This is not just about accountability; it's about ownership. When employees are co-navigators, they take a vested interest in the direction of their growth and the success of the organization. And it transforms reviews from a corporate routine to a meaningful exchange in which everyone finds value.

4. Focus on the future and potential development.

Consider a gardener tending to plants. The past season's growth is important. But it's the preparation for the upcoming season that ensure continued flourishing. When we focus on past achievements in performance reviews, we miss the mark on cultivating future growth.

Reviews are an opportunity to nurture performance and potential. Managers can uncover runways and roadblocks—and identify skills, knowledge, and opportunities needed for professional development. They can work with employees to build conditions for thriving.

It's important to ask not only what goals have been met—but what ambitions lie ahead. Aligning employee aspirations with the organization's trajectory sets the stage for growth that benefits everyone. Performance reviews become forward-looking commitments. And employees can leave with a clear path to their development ahead, boosting engagement.

5. Prepare and train your managers for effective reviews.

Like a skilled captain guiding a ship, managers are the primary navigators of your performance review process. Their attitude and expertise shape every part of your performance management cycle. Training managers for this role involves more than a briefing. Your managers need continuous coaching, training, and support for effective performance reviews.

You want to train managers not just on the mechanics of the review process, but also the soft skills that are core to your performance approach. Hands-on training (like simulated reviews) helps managers practice praise and feedback in different scenarios. Emotional intelligence training helps them deliver feedback that inspires and motivates. Conflict resolution helps them turn even the toughest conversations into opportunities for growth.

You should also cover the specifics of your organization's review process. Managers should understand how to set objectives, measure performance, and align goals with company strategy. Create a feedback loop where managers seek and receive input on how reviews are going. This not only models a culture of continuous improvement—it helps you refine the review process itself, ensuring it's a meaningful experience for everyone involved.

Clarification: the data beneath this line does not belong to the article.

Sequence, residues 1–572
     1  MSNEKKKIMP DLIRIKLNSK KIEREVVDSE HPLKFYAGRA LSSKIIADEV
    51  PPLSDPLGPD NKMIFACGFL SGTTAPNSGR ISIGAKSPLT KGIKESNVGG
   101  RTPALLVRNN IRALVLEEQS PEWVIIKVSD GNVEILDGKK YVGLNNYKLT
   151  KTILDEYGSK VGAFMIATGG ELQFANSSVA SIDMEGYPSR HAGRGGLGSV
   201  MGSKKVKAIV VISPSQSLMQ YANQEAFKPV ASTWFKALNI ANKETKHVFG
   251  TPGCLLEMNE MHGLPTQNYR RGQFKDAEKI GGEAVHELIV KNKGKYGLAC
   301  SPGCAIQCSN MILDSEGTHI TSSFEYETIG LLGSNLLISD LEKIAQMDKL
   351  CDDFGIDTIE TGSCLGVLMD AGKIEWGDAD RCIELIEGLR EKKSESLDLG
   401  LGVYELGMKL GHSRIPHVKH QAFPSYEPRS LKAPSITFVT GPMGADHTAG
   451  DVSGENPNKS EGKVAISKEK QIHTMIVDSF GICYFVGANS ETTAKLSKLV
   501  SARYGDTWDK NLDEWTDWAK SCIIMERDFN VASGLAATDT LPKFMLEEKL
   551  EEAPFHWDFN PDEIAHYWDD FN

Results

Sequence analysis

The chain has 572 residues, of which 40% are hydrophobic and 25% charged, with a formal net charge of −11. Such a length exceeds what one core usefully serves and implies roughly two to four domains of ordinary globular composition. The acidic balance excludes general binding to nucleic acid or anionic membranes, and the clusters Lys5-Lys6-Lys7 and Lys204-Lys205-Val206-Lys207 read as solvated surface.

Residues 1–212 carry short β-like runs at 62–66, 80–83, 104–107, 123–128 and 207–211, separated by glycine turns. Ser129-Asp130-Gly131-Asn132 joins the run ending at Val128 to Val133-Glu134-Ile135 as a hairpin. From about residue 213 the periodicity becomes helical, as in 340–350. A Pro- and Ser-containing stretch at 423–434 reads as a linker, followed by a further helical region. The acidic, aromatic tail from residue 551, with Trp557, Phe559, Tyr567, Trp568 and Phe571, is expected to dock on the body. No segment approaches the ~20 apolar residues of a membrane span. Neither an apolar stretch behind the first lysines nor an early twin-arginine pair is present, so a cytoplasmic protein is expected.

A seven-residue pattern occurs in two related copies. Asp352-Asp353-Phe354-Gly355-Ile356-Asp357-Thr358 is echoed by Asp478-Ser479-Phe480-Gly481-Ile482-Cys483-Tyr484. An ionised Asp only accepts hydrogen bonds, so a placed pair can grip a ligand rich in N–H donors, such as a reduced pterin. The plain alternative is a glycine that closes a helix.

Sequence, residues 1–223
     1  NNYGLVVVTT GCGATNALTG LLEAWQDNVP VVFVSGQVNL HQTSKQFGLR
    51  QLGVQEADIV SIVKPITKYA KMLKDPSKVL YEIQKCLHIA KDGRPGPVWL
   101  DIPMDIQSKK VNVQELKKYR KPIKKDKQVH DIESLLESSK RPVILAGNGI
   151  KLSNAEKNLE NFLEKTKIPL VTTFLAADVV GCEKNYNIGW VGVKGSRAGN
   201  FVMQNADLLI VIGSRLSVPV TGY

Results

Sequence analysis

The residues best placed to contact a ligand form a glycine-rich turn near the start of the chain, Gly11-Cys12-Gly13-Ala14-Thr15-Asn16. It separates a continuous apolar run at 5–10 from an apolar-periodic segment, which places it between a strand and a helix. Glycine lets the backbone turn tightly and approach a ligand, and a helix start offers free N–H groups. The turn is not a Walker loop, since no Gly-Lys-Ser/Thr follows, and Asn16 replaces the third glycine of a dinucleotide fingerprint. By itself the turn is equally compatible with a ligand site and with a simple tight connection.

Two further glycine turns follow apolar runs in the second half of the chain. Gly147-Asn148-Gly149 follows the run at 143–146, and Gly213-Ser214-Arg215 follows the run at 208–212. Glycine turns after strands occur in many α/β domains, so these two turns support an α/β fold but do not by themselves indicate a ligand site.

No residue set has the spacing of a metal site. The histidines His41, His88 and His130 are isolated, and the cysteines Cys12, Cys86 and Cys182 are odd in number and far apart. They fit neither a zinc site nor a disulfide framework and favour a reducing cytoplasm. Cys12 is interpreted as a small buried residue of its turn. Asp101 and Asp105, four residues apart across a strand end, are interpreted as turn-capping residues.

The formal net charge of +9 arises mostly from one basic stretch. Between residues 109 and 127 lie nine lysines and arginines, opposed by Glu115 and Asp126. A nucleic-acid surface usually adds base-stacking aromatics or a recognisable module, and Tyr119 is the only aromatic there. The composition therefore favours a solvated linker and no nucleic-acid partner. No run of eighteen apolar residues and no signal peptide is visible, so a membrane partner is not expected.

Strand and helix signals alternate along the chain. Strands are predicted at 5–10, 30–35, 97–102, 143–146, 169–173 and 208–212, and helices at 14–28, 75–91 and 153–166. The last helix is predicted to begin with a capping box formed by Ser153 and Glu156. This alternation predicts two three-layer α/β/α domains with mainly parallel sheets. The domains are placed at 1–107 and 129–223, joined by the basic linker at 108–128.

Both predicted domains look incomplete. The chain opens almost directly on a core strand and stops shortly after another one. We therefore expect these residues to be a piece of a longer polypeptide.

Adequate training helps your managers build confidence. It ensures they feel equipped to handle the nuanced dynamics in review conversations.

6. Incorporate multiple data sources for objective reviews.

Employee performance is complex. Relying on a single thread of data creates an incomplete, often misleading picture. Objective performance reviews thrive on rich and varied data that encompasses many facets of an employee's contributions. This helps ensure fairness and mitigate bias, painting a fuller picture of employee impact.

Consider integrating 360 feedback from a variety of stakeholders. Peer reviews, customer feedback, and self-assessments are great tools. Each perspective offers unique insights, highlighting successes and growth opportunities that might otherwise go unnoticed.

Be sure to look beyond quantitative data. Metrics like sales figures and customer satisfaction scores are tangible evidence of performance. But balance is key. Not all valuable contributions are easy to measure. Managers should recognize efforts in team collaboration, creativity, adaptability—and whatever other competencies and values matter to your business.

Finally, technology plays a pivotal role in aggregating and analyzing this data. Modern performance management systems can track and compile information from various sources, providing a comprehensive overview at performance review time. This not only streamlines the review process but also supports a culture of transparency and accountability.

7. Standardize the process while allowing flexibility.

Crafting an effective performance review process is like drawing a map. The route must be clear and well-marked, so everyone can reach the destination. But there's a need for paths that accommodate different modes of travel, acknowledging that one size doesn't fit all.

Standardizing core elements of your performance reviews help ensure consistency and fairness. Things like review cycles and rating scales should be uniform to maintain clarity and equity. This will help prevent confusion and set a baseline expectation for all employees.